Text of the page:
Cost per available seat mile (CASM) excluding fuel remained virtually flat at 8.47 cents (8.48 cents in 2012), while overall CASM fell 2.3% to 12.82 cents, reflecting Alaska’s strong commitment to cost control and increased employee productivity. The latter has been particularly successful, as employee productivity at Alaska Airlines has jumped a cumulative 20% since 2006.  And, as an airline in the midst of aggressive expansion, Alaska has a natural depressor for its unit cost figures, because the carrier can amortize fixed costs over an ever increasing number of flights and ASMs.

With regards to CASM, Alaska Airlines is utilizing the same techniques as network carriers the world over, shifting to larger aircraft and reconfiguring those aircraft with more seats. In particular, the shift to standardize the fleet on the 737-800 and 737-900ER will pay dividends in the upcoming tussle with Delta, as the lower CASM will allow Alaska to compete more effectively on fares


Turning to the balance sheet and cash flow, Alaska ended the year with $1.3 billion in cash and unrestricted securities (short term investments), and lowered its adjusted debt-to-total capitalization ratio to 35%. Alaska is by far the least leveraged US network airline and its balance sheet contains basically no net debt. Alaska Airlines has not yet made its cash flow statement public as of press time, but this space will be updated with operating cash flow and free cash flow figures when they are available.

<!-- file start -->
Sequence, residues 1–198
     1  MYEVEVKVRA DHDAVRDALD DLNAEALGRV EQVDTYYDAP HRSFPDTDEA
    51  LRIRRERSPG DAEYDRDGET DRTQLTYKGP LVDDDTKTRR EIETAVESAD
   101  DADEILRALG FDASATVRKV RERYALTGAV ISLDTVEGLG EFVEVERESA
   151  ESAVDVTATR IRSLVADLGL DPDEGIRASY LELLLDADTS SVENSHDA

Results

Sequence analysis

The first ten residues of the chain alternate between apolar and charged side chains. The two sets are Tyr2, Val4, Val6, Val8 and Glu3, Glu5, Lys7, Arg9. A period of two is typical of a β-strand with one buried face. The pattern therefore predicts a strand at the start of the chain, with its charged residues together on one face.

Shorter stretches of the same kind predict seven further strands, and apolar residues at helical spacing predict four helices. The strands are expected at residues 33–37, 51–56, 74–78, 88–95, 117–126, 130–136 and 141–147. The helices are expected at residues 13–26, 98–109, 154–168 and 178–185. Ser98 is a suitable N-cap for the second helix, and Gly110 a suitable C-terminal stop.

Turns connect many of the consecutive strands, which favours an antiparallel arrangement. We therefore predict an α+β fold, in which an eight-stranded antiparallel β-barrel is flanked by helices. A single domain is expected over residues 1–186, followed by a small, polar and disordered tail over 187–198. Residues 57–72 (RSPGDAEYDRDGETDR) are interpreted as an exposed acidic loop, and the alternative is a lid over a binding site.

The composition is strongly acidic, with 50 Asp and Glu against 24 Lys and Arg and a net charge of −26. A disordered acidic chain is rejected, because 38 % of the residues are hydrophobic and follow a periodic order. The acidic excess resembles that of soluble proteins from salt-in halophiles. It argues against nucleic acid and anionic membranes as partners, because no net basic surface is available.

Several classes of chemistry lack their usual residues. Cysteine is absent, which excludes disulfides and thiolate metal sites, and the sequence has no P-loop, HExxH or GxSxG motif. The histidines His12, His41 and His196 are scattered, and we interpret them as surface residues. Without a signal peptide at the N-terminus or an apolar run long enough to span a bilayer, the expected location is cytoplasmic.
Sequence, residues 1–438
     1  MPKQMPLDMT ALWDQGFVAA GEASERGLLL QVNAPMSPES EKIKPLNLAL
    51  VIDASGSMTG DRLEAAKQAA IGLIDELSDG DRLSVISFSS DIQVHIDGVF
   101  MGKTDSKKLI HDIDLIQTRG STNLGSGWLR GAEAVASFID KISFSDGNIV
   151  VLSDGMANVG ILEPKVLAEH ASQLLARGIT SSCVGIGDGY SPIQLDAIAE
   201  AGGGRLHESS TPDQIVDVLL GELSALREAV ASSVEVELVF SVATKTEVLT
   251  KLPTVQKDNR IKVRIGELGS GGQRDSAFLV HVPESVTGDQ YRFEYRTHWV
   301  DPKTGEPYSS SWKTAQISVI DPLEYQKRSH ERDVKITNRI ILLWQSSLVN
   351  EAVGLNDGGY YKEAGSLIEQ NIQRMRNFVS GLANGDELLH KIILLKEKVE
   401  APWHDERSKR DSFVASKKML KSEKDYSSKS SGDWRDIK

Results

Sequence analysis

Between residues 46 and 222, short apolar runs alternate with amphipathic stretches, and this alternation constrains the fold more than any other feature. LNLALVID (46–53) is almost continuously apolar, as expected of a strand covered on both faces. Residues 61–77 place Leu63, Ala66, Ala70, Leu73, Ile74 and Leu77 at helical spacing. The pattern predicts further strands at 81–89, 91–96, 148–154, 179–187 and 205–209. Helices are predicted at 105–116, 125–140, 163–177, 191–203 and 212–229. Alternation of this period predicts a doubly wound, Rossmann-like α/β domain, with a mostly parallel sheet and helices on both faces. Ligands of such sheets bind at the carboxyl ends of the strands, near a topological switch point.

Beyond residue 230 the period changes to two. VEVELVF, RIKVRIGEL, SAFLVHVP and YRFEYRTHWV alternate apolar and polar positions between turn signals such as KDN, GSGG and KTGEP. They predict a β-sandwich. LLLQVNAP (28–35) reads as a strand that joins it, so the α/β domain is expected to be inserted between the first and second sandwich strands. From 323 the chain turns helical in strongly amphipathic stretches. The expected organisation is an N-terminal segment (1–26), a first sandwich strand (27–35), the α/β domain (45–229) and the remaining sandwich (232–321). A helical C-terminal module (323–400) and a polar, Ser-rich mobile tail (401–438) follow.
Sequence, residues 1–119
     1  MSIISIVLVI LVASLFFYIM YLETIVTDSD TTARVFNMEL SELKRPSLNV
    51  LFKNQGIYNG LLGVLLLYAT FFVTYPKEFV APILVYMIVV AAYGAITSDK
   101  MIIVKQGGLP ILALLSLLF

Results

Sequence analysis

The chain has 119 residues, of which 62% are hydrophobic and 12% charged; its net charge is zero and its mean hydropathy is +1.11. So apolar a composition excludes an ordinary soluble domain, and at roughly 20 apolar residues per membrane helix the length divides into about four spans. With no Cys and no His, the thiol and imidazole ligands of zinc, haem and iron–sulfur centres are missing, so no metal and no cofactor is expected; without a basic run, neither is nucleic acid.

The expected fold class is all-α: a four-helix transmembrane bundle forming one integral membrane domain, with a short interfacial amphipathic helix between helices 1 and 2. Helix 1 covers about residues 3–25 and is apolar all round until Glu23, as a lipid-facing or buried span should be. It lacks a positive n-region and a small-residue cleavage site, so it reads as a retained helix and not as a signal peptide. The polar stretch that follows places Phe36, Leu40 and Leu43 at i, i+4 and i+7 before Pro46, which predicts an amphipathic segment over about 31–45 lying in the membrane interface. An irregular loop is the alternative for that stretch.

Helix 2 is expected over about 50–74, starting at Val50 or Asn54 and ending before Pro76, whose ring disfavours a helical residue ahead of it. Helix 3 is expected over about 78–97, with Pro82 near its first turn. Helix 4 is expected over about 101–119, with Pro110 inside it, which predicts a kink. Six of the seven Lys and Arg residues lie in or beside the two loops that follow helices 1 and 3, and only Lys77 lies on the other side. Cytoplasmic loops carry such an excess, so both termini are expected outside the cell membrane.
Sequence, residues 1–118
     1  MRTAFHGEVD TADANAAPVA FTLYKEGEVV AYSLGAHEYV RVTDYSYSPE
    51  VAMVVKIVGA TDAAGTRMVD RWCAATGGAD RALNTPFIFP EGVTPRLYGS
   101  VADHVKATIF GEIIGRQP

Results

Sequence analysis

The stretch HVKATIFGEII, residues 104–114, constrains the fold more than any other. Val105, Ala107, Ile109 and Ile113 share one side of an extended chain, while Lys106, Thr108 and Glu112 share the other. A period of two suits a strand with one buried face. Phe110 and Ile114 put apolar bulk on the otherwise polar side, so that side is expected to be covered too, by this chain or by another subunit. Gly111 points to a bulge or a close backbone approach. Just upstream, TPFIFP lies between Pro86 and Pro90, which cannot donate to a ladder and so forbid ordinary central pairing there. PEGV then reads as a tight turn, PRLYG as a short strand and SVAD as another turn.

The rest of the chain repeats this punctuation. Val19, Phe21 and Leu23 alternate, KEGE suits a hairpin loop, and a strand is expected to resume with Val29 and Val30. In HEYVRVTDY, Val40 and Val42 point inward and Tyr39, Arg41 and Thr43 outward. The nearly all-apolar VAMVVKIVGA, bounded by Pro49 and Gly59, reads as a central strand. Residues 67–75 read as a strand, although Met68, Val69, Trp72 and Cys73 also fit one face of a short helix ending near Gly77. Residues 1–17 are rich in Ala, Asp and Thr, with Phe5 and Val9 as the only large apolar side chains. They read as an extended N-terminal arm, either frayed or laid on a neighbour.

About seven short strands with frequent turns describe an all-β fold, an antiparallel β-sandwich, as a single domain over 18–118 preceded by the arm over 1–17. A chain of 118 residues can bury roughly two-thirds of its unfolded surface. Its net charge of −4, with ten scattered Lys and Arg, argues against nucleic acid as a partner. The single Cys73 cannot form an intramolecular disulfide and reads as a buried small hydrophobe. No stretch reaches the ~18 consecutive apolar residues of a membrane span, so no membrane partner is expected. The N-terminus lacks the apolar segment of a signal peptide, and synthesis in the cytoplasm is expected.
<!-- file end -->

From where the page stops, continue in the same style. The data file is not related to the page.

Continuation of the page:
For the full year, Alaska reported a very strong 16.3% operating margin, including a 10.7% margin in the fourth quarter. However, given that close 28% of Alaska’s capacity is tied to Hawaii and Mexican resort markets (Cabo and Puerto Vallarta in particular), the fourth quarter is stronger for them than most. For calendar 2013, Alaska recorded a record 13.6% return on invested capital (ROIC), its second consecutive year above 13%.

Looking forward into 2014, Alaska Airlines has displayed a clear record of financial success and strength. Moreover, the drivers behind its economic strength are unique; a cocktail of code share partners, low costs, and a fiercely independent brand image.

But 2014 will be a year of unprecedented threats as Delta takes aim at Alaska’s core hub in Seattle. In the long run, Alaska has the financial strength and economic moat to outlast Delta in a war of attrition in Seattle. And thanks to management’s record of consistently returning cash to shareholders, staying independent might be the more lucrative option for Alaska Air Group’s owners. But in the near term, this battle will cause financial pain, as will encroachment onto Delta’s turf in Salt Lake City (Delta has been known to run competitors out of core markets with extremely low fares when necessary). So the question becomes, do Alaska Air Group’s shareholders have the appetite to stomach poor returns over the next few years?